Interior Wildfires flare up

Posted: Monday, August 05, 2002

FAIRBANKS (AP) -- Smoke so thick that even firefighting aircraft couldn't do their work layered the middle and western Tanana Valley on Sunday as high temperatures across the region sent existing wildfires racing across the landscape.

Meanwhile, a new fire near Arctic Circle Hot Springs, ignited by lightning, was reported Saturday and seen burning near Medicine Lake.

By Sunday evening the fire had grown to 1,200 acres and was burning east of the Circle Hot Springs Road and south of the Steese Highway.

''If it went in either of those two directions it could become a problem,'' Andy Williams, spokesman for the Alaska Interagency Coordination Center, told the Fairbanks Daily News-Miner.

The blaze was about four miles northeast of Arctic Circle Hot Springs Resort.

A fire crew from Fort Yukon was headed to the fire to replace eight smoke jumpers sent in on Saturday.

The smoke that covered the Fairbanks area Sunday came mostly from the Geskakmina Lake fire, which had grown to 118,500. Smoke kept fire crews from flying into the area, south of Manley Hot Springs, so a boat was used to ferry in personnel to protect cabins on the Kantishna River.

The lightning-caused fire started June 8. Boats were also used to move crews to the 21,700-acre North Fork fire, which again has moved to within two miles of the village of Medfra. Those crews joined others already at the scene in setting up hose, pumps and sprinkler systems to protect buildings from the fire, which lightning ignited on July 17. A fire management team has been set up at the Medfra airstrip.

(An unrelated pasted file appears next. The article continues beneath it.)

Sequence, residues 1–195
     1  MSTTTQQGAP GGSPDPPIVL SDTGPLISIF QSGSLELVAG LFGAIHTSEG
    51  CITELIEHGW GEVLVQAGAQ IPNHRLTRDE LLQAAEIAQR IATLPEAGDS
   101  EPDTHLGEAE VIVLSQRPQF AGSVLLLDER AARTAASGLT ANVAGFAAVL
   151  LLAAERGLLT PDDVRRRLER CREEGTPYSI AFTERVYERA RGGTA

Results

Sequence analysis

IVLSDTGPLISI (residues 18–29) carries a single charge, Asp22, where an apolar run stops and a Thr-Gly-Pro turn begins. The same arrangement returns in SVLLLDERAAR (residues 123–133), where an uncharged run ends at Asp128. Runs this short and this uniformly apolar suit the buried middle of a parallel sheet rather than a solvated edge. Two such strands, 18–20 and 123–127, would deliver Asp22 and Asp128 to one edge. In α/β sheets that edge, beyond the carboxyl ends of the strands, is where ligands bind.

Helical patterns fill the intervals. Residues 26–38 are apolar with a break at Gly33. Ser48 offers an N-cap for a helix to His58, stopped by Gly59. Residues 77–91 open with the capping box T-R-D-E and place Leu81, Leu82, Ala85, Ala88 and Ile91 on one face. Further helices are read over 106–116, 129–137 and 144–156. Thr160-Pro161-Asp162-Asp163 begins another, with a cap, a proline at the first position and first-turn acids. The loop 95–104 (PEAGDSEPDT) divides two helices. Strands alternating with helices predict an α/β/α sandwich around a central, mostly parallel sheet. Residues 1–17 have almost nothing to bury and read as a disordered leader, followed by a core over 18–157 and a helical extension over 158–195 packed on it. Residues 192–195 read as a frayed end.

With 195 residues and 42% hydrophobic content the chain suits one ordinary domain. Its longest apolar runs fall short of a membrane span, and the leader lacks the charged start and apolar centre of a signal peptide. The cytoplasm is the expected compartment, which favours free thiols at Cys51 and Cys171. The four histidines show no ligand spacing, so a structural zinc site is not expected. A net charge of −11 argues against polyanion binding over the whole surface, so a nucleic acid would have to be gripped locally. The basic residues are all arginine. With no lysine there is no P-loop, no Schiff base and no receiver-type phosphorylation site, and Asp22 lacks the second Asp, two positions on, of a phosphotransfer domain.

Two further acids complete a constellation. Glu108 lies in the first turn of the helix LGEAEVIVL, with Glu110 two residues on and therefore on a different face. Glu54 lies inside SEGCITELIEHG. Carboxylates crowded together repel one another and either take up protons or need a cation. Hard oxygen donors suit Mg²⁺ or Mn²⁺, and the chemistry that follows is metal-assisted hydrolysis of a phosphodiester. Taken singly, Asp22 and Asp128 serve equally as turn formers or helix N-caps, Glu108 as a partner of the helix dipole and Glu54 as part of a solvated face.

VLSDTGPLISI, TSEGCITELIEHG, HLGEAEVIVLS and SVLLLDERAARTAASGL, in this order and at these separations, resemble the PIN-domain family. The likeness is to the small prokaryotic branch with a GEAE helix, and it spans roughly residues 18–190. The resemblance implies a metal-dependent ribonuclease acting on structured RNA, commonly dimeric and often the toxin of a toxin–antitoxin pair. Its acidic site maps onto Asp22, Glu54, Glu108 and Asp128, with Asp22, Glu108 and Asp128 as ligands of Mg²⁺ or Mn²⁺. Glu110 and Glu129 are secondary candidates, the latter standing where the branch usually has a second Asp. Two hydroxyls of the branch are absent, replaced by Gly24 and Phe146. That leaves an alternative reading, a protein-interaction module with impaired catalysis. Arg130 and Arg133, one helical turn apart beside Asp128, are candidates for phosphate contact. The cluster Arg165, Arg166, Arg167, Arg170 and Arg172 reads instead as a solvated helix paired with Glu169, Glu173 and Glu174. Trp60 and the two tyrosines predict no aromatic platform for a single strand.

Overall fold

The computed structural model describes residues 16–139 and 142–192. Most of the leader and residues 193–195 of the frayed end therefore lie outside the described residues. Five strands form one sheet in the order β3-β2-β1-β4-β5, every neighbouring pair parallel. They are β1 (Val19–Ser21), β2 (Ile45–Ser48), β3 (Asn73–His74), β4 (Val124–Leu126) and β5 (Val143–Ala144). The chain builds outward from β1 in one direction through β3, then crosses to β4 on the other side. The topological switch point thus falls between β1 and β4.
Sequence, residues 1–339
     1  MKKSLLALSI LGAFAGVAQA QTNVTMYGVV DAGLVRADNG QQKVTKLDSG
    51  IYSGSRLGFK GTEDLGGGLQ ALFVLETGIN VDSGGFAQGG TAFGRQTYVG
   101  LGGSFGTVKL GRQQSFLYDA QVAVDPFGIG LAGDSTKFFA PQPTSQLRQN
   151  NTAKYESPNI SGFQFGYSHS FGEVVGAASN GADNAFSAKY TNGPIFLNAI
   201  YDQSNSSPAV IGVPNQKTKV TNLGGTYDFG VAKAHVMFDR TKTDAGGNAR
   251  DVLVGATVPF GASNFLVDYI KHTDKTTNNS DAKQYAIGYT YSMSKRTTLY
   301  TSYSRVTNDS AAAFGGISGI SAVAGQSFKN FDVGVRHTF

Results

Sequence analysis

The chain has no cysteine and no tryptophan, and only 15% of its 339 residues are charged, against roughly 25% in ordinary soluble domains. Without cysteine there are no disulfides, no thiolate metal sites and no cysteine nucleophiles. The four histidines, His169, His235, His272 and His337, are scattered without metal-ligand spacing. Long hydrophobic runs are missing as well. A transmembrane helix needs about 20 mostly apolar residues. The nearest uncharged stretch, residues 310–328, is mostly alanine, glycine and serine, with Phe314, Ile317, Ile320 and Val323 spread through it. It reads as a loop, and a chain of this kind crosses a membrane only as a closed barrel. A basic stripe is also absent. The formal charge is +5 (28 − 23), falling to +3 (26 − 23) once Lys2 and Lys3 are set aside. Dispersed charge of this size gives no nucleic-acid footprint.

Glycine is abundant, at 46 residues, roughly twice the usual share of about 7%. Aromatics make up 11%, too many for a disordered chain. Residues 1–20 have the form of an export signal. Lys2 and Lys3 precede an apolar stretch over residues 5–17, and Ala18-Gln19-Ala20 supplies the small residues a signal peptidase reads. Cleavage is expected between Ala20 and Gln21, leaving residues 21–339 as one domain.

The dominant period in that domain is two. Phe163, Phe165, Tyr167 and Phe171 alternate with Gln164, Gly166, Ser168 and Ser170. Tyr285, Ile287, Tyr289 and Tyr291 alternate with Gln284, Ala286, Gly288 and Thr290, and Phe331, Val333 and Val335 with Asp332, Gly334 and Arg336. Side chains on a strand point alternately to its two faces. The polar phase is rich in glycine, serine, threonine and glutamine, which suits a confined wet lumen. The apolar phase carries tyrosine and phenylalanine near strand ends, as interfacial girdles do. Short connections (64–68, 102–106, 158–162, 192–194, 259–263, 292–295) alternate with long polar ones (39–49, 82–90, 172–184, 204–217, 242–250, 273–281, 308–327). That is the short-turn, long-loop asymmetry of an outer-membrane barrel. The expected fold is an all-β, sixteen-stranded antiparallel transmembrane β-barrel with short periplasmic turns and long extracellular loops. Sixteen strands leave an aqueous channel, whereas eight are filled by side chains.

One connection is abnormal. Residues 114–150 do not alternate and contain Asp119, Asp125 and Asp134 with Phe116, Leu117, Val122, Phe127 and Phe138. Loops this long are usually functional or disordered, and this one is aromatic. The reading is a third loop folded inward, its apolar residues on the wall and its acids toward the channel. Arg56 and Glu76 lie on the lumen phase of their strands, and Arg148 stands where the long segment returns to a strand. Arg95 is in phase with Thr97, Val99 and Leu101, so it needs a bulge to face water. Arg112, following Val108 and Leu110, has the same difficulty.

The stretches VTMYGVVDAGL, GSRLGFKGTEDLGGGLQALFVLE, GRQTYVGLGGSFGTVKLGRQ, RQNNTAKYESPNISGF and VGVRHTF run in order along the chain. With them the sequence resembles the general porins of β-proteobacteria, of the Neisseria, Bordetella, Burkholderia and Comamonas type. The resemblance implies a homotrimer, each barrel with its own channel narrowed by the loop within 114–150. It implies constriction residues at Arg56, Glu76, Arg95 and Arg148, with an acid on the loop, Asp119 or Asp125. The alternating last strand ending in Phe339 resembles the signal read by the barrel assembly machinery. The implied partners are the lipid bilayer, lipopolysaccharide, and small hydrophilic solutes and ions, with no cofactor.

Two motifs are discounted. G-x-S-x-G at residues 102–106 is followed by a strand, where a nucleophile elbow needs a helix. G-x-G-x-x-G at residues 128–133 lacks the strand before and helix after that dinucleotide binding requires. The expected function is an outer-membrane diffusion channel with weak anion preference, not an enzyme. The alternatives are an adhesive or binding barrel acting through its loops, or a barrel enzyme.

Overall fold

''We do quite a bit (by boat). Sometimes it's the easiest and it's cheaper,'' Williams said.

At Lake Minchumina, a staging area has been set up so that crews can better respond to several fires burning in the area. One fire crew has been sent to protect buildings on the north side of the lake and others will do similar work on fires burning to the southwest and northeast.

Fires ranged in size Sunday from 5,200 acres to 52,000 acres. The National Weather Service reported that visibility was down to half mile Sunday morning at its recording station near Lake Minchumina.

Crews were also working on the 76,700-acre Colorado Creek fire, 50 miles north of McGrath. Smoke jumpers and others were sent to protect buildings at a nearby mine. Smoke from the Interior fires had reached all of Denali National Park by Sunday, according to the National Weather Service.



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